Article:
I've been editing, reading, and learning about Sirius XM (Nasdaq: SIRI) for over a year and a half here at The Motley Fool. I've poured through the quarterly reports, read every published article, and sifted through thousands of comments on our website -- typically from Sirius fans who think we're crazy if we publish one negative thing about the company.

I understand some of the defensiveness. You own shares in a company you believe in, you're constantly under fire by short-sellers, and so you feel the need to guard what you see to be a reasonably sound investment decision.

I understand -- I really do.

So let's just pretend this is a cordial conversation between two old friends; you are a Sirius XM investor and a fan as well, and I'm someone who's thinking about buying some shares.

The highlights
I'm unsure if I want to invest in a company that is as volatile as Sirius XM and am questioning the stock's ability to appreciate over time. "Let's go over some of the highlights," you say to me.

  • It was little more than a year ago when the company was left for dead -- a $0.05 penny stock that was staring bankruptcy straight in the face. Today it is a totally viable business that has had three consecutive quarters of breakeven results. Sirius is one heck of a turnaround story.
  • Sirius narrowly escaped being delisted from Nasdaq because it was able to keep its shares above the $1 requirement for 10 consecutive days.
  • On the back of a strong auto recovery from companies like Ford (NYSE: F) and General Motors, Sirius has been able to significantly increase its subscriber base. Today it has over 18.9 million subscribers; the only companies with more of a subscriber presence are DirecTV (NYSE: DTV) and Comcast. It's on pace to reach 19.9 million subscribers by the end of this year. That's quite an accomplishment.
  • During the first quarter of the year, Sirius was not only able to boost its listening base, but it also slightly decreased churn, increased its conversion rate to 45.2%, and managed to squeeze more dollars out of its customers (average revenue per user).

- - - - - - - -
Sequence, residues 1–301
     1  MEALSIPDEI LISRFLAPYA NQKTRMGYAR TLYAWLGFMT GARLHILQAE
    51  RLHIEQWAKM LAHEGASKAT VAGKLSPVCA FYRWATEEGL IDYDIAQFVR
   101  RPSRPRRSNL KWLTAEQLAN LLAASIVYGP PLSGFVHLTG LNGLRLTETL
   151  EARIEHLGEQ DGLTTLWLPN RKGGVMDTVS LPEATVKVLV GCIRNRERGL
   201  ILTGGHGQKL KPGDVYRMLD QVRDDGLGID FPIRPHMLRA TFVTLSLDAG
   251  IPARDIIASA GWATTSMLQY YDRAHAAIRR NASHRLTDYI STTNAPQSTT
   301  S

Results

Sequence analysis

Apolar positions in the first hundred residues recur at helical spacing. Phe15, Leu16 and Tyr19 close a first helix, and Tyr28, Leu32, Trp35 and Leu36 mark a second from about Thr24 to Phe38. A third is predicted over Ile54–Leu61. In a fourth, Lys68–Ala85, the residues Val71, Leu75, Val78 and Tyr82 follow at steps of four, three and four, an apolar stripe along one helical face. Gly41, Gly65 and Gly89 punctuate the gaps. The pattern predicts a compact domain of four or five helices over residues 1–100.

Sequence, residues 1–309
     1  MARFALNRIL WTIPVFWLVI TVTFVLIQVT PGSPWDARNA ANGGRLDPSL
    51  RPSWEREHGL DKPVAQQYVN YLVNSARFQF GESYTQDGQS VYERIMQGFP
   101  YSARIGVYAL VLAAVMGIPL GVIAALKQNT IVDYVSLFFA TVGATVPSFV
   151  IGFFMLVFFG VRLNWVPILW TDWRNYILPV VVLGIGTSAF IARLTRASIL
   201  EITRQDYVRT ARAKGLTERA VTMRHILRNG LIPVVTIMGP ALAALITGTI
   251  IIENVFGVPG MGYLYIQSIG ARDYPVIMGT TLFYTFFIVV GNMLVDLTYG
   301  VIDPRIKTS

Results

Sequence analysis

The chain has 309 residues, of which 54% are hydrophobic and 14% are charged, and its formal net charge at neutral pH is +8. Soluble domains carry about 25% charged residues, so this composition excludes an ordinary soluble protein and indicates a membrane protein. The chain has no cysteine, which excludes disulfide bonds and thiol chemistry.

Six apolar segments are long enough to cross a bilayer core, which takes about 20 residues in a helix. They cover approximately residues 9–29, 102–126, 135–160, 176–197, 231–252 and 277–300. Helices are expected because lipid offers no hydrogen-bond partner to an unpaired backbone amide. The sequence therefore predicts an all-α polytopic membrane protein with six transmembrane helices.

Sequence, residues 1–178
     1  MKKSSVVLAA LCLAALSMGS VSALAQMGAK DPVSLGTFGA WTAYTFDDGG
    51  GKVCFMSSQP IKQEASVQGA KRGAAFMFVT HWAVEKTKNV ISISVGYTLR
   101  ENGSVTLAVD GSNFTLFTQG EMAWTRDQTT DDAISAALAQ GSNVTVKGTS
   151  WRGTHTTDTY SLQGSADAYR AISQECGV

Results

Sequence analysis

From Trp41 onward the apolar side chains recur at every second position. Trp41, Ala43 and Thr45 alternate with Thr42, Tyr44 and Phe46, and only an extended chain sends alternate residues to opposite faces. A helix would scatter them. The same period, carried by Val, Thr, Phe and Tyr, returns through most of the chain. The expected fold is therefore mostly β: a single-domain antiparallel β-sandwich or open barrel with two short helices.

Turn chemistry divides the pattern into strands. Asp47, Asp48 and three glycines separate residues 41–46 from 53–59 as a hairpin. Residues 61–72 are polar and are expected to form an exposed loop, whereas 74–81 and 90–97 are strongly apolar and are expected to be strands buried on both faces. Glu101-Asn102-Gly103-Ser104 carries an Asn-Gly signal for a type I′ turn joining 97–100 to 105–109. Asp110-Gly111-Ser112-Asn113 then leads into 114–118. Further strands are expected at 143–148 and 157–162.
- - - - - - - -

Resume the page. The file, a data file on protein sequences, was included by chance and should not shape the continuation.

Sounds great, right?
There's absolutely no denying that Sirius XM is a fundamentally sound business, with built-out technology and a rapidly increasing market from which to sell. They've barely even begun to tap the rental-car segment, of which it only commands 7% market share -- so Sirius may not be as dependent on Ford and Toyota (NYSE: TM) as I had previously thought.

But I do have my concerns.

First is that Sirius now has 6.3 billion shares outstanding -- after accounting for Liberty Capital's (Nasdaq: LCAPA) 40% preferred shared stake -- and that's an awful amount of shares to divide into. Profitability may be there, and it might continue to grow, but there are a lot of mouths to feed when all is said and done.

Despite increasing sales from original equipment manufacturers and rental cars, retail sales have consistently been dwindling. While the boost from car manufacturers has more than offset any loss, it would still be nice to see retail sales holding still or marginally improving.

Lastly, I'm nervous that there are too many avenues for people to explore when it comes to listening to music. Pandora has gained a lot of traction through Apple's (Nasdaq: AAPL) iPhone, and there's rumors that Google (Nasdaq: GOOG) might try to get into the game as well. Music fans these days are able to stream free music from almost any mobile device, and that will inevitably diminish their urge to actually spend money for programming. And I haven't even mentioned terrestrial radio, which is still a very legitimate form of entertainment, especially for local programming. (Also not mentioned is Howard Stern and questions surrounding his contract.)

The Foolish bottom line
I guess now that we've come to the end of our conversation, I really only have one final question:

What is it about Sirius XM that will make the stock outperform the market over the next two, three, or five years? Is it the valuation? The rapid growth opportunity?

Now remember: This is not a battle cry or a call to arms. This is a simple question, so let's just examine the company's strengths and weaknesses, and see if we can't come to a conclusion about the future of Sirius.

Sound off in the comments box below -- I look forward to reading your thoughts!

Jordan DiPietro owns no shares mentioned above. Google is a Motley Fool Rule Breakers recommendation. Apple and Ford Motor are Motley Fool Stock Advisor picks. The Fool owns shares of Google. Try any of our Foolish newsletters today, free for 30 days. The Motley Fool has a disclosure policy.